The Moth Raises the Roof

1. Moth Production Interns Arianne Wack and Liz McKibbon holding down the fort. 2. Jonathan and Arum entertain themselves in the lobby.

This Wednesday, The Moth held a fitting tribute to Spalding Gray at the ever-ethereal Town Hall, a painful and hilarious series of stories by some of the Moth’s greatest participants. Gray was posthumously awarded The Moth Award, given each year to a storyteller who has again and again kept the craft alive. Previous winners include Salman Rushdie (2008), Anna Deveare Smith (2009), Calvin Trillin (2010), and this years host Garrison Keillor (2007), a man whose vocal timbre could rock everyone into a blissful, welcoming sleep.

1. Syrie Moskowitz and journalist Melik Kaylan, keeping it classy. 2. Photographer Liesl Henrichsen enjoys her wine, pensively.

While the nights theme was “Raise the Roof,” each participant was asked a simple question — what was the last thing you saw that made you say “Wow”? — and the answers were presented with rambling perfection. After a stellar, lilting performance by solo artist and violinist Mazz Swift, comedian Mike Birbiglia opened the evenings tales with his story of performing at a charity golf tournament he had no right attending. For those unfamiliar with Birbiglia’s name, his spot-on cadence and frank admittance of his own flaws is responsible for the funniest segment ever aired on This American Life (you can listen to it here).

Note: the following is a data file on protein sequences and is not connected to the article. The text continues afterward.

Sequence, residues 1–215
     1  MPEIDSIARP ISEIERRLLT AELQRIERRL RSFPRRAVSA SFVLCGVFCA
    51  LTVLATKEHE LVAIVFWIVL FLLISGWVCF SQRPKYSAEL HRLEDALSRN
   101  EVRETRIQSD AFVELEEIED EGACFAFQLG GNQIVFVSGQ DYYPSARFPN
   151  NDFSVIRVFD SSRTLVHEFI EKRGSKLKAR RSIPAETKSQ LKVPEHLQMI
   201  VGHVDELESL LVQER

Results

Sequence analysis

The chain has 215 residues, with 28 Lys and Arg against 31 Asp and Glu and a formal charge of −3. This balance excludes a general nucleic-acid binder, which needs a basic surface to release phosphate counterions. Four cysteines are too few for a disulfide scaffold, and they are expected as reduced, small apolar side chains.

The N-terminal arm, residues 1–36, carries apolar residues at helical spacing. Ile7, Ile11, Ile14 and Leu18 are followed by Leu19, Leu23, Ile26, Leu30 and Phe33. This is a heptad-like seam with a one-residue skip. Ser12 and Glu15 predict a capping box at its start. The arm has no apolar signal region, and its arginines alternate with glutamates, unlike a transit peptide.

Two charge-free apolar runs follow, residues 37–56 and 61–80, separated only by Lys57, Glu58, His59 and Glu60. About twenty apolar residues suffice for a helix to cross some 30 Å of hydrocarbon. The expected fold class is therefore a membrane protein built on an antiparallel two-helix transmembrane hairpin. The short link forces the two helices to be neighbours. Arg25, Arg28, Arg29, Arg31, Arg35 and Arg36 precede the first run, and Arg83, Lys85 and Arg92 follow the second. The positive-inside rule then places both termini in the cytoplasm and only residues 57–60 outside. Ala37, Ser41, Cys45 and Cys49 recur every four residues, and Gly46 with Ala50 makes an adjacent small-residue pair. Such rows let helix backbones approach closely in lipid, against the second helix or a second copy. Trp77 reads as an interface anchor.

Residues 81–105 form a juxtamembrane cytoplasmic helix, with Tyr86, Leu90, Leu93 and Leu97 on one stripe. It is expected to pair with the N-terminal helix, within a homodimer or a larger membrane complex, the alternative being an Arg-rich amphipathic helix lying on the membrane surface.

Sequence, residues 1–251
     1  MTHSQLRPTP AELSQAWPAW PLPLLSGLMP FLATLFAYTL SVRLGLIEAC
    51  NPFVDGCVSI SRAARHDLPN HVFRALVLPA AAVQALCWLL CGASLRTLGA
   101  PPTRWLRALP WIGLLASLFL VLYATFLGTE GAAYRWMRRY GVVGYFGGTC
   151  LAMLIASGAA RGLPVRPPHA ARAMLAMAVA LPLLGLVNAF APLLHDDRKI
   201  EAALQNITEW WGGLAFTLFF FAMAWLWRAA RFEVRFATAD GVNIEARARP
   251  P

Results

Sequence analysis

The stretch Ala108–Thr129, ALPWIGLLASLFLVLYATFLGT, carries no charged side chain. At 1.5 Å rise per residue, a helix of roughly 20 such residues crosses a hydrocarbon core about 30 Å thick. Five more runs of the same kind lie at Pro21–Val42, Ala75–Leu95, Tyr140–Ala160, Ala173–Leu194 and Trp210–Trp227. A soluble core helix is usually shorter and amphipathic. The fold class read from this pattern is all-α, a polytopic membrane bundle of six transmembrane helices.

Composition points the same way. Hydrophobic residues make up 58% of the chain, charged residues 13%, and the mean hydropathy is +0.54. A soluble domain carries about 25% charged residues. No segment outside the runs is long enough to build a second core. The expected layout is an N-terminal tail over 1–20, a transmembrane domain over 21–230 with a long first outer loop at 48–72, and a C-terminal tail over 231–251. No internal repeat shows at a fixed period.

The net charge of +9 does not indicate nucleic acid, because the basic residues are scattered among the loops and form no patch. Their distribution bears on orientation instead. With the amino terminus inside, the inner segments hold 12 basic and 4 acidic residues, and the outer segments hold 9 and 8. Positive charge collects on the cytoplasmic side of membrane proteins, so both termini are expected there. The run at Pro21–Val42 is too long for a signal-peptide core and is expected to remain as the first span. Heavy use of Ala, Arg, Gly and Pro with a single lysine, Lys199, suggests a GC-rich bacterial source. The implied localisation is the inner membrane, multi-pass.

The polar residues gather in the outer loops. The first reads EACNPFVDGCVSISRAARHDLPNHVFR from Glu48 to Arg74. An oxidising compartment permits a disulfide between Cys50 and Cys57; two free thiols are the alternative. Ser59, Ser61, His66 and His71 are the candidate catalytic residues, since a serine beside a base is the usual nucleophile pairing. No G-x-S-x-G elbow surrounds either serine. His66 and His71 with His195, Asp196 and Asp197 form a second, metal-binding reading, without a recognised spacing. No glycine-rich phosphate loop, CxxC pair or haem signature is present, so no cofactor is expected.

Followed by a delicate childhood tale performed by Southern belle Tina McElroy Ansa,and a powerful, hard-to-believe account by Dr. Alan Rabinowtiz of his travels through the Himalayas searching for the last members of a rumored pygmy tribe, the Moth delivered — within an hour and a half — one of the most eclectic events conceivable. All this before intermission.

It may seem already to have been a scattershot affair, but one of the Moth’s great strengths is the variety of performers, both professional and otherwise, who are then exposed to a wider audience. The Moth was created by a group of friends whose porch-sharing moments have now escalated to the grand stage, and while this isn’t exactly radical today in our post-privacy age, it is by sharing these small, true moments, in renderings of the humiliation, sorrow, and personal growth that define our own private universes, that people can find common ground.

1. My personal storytelling hero, Edgar Oliver, mingling before the show.

Hence the next act, the young-but-masterful storyteller Elna Baker, who told of her attempts to reveal to her strict Mormon parents that she had lost her virginity before marriage while taking a break from her faith. Her sharp-witted tale was the kind of unexpected coming-of-age story fit for repetition.

Gray was in a sense eulogized by the erratic and flighty Jonathan Ames, who closed out the evening with what was supposed to be an account of his life’s many run-ins with the great monologist himself. Ames stated nervously that he hadn’t rehearsed, and what resulted was a ramshackle account of his journey through AA, his obsessions with Bill Clinton and Spalding Gray, his awkward encounter with Monica Lewinsky and a kielbasa, and his own suicidal thoughts.

As Ames mentioned somewhere in his highly enjoyable spiel, Gray had seemed to him a remainder of the beat mentality. This Moth event proved this was still alive, and could even be found on a Wednesday night in Times Square.


–Sarah Lerner is a freelance event coordinator for the L Magazine. She contributes art and film reviews to Time Out New York.

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